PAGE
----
This might be too broad a question, but can anyone recommend specific books that deal with chess engines, including hard-coded ones such as Stockfish, Komodo, and other ones also based on neural networks and reinforcement learning? I want to get a broad overview of the logic behind chess engines, and maybe experiment in building one myself. For starters, is there anywhere I can refer to understand the Stockfish source code for example, and Alpha Zero respectively?

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    The book "Deep Learning and the Game of Go" by Pumperla and Ferguson could help. The core deep-learning approach can be applied to just about any game. – John Coleman Sep 24 '20 at 18:07

To my knowledge there is no book on chess engine programming because there is no market.

People study the source code simply by reading it. If you have any question, please join Stockfish/LC0 discord. It worked well for me, I just ask online anything I don't understand.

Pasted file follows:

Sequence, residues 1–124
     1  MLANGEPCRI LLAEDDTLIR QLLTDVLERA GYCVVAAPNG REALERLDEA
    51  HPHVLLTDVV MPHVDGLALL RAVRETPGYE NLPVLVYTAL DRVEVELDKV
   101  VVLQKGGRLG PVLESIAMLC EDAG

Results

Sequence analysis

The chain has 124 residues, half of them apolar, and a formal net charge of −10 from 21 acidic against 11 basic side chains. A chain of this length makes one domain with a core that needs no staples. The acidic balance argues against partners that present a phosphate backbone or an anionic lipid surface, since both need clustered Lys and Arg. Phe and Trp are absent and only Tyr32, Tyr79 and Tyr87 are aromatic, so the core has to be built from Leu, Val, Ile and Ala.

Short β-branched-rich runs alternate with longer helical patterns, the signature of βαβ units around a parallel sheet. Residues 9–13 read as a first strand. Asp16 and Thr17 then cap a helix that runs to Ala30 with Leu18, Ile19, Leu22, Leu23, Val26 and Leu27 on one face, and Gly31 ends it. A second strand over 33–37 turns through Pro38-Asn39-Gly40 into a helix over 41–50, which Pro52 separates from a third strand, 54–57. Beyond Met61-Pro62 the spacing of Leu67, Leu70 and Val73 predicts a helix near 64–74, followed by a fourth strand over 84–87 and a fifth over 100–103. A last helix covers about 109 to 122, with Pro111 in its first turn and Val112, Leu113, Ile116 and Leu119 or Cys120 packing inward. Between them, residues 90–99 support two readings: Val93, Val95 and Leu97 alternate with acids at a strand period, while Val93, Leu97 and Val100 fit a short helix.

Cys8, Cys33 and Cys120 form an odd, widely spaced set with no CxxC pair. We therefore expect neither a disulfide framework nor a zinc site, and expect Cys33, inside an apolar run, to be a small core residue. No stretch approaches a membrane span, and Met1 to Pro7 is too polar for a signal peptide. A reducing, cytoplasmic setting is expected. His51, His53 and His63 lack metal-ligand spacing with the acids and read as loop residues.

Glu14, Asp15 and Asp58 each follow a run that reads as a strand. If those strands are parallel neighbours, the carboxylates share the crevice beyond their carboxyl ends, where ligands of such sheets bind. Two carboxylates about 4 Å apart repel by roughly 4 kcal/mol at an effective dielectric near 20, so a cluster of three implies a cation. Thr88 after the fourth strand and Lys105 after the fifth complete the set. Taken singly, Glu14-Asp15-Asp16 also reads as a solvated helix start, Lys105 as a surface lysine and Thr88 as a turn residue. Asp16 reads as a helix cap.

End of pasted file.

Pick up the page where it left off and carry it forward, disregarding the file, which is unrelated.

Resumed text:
I would suggest the following on learning. Many more I may have missed.


FM Bill Jordan has written several, including:

The first is basically a printout of his engine's code, with an explanation of each code segment.


This depends quite a bit on your level of understanding, as well as your knowledge of relevant programming languages.

David Levy wrote a number of books that deal fairly closely with this topic. "Chess and Computers" (1976) is more for the beginner, while his "Computer Chess Compendium" is more 'medium' and above. See his biography/bibliography on Wikipedia for additional titles.

If you want to understand a particular engine, you basically have to go on what the author(s) have published -- and that may be in technical academical journals, so a good reference library nearby who can help you locate those is probably a necessity. If you want to understand a specific search algorithm, it's academical journals or text books, depending on if it's research-level stuff or more 'standard' things.

Good luck!

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